Notes: The calibration of student judgement through self-assessment

Reference: Boud, D., Lawson, R., & Thompson, D. G. (2015). The calibration of student judgement through self-assessment: disruptive effects of assessment patterns. Higher Education Research & Development, 34(1), 45-59.


  • Effective judgement of own work is an important attribute for HDR students
  • Focused on Self-Assessment (also represented as Self-regulation and Metacognition in few works)


  • Self assessment is not facilitated using systematic activities, but rather thought to be achieved from normal tasks.
  • Students are not given feedback on their judgement.
  • Ensure that different assessment methods don’t distract students’ ability of learning and judgement.


  • To investigate if students’ judging improves over time through criteria-based self-assessment in the given units of study in two parts:
    1. Replicate improvement of student judgement over time with more data from different disciplines (Repeat questions 1- 4)
    2. Investigate improvement of judging skill over sequential modules and analyze based on assessment type, assessment criteria (New questions 1-4)

Method/ Context:

  • Voluntary self assessment of students in authentic settings using an online assessment system ReView™.
  • Percentage marks from continuous sliding scale stored – of both students and tutors.
  • Data from 5 year period in Design, and 3 year period in Business course from two Australian universities.
  • 182 design students, 1162 business students.

Results and Discussion:

Repeat Q1: Does accuracy in students’ self-assessed grades vary by student performance?

  • Ability level – High (distinction or high distinction), low (fail) and mid (pass or credit)
  • p values
  • Yes. Low ability students did not improve judgement over time. Significantly higher improvement for mid ability students (Students matched tutors grading)

Repeat Q2: Does students’ accuracy in self-assessment relate to improved performance?

  • Accuracy levels: Over-, accurate and Under-estimators
  • One way ANOVA
  • Accurate estimators had increased scores over time

Repeat Q3: Do students’ marks converge with tutors’ within a course module?

  • Series of paired t-tests
  • Convergence found in design data, but not in business data
    • Design assessment tasks are scaffolded to lead one to other, but business uses different modes of assessment within a course module.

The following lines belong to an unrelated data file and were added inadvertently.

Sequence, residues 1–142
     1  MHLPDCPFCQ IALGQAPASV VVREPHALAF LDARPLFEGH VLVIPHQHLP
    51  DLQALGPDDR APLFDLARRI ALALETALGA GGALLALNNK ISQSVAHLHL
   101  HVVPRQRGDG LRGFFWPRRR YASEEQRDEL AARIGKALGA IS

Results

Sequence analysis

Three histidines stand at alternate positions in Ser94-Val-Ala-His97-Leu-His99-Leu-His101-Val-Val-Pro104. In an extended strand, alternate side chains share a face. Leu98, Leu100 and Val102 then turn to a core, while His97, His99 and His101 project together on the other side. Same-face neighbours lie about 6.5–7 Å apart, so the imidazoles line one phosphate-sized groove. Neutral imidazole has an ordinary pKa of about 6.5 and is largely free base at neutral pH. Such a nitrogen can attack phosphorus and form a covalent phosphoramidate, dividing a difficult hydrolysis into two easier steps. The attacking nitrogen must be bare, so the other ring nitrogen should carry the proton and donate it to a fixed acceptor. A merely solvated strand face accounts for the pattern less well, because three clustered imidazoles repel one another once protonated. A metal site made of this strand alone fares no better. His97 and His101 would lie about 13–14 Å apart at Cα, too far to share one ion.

Repeat Q4: Does the gap between student grades and tutor grades reduce over time?

  • Yes. Students’ judgement improves over the time of the degree programme, but not very useful as the convergence happens almost at the end of the degree programme.

New Q1: Does the gap between student grades and tutor grades reduce across modules designed as a sequence?

  • No data for design and reduction in gap (erratic patterns with no gradual reduction) between student and tutor grades for business with sequential modules
  • Leading to examine the type of assessments

New Q2: Does mode/type of assessment task (e.g., written assignment, project, and presentation) influence students’ judgement of grades?

  • Data was inconsistent, despite showing earlier convergence for few assessment types. Most assessment types saw convergence in iterations 2 or 3 (Refer Table 1 from the original paper).
    • Could be due to difference in tasks within each assessment type

New Q3: Does analysis of criteria that relate to type of assessment task influence students’ judgement of grades?

  • Consistent and related criteria for particular assessment type fosters faster calibration in iterations 1 or 2 (Refer Table 2 from the original paper).


  • Criterion is provided for assessment since students are not experts, however a holistic evaluation of own work is recommended.
  • Not possible to identify the cause for improvement from independent measures.
  • Whole population of students is not included, especially the less engaged students who might be low achieving.
  • There might have been other informal factors (not measured in this study) to influence the results like the following: comments received from staff, discussions with peers, and students’ own aspirations.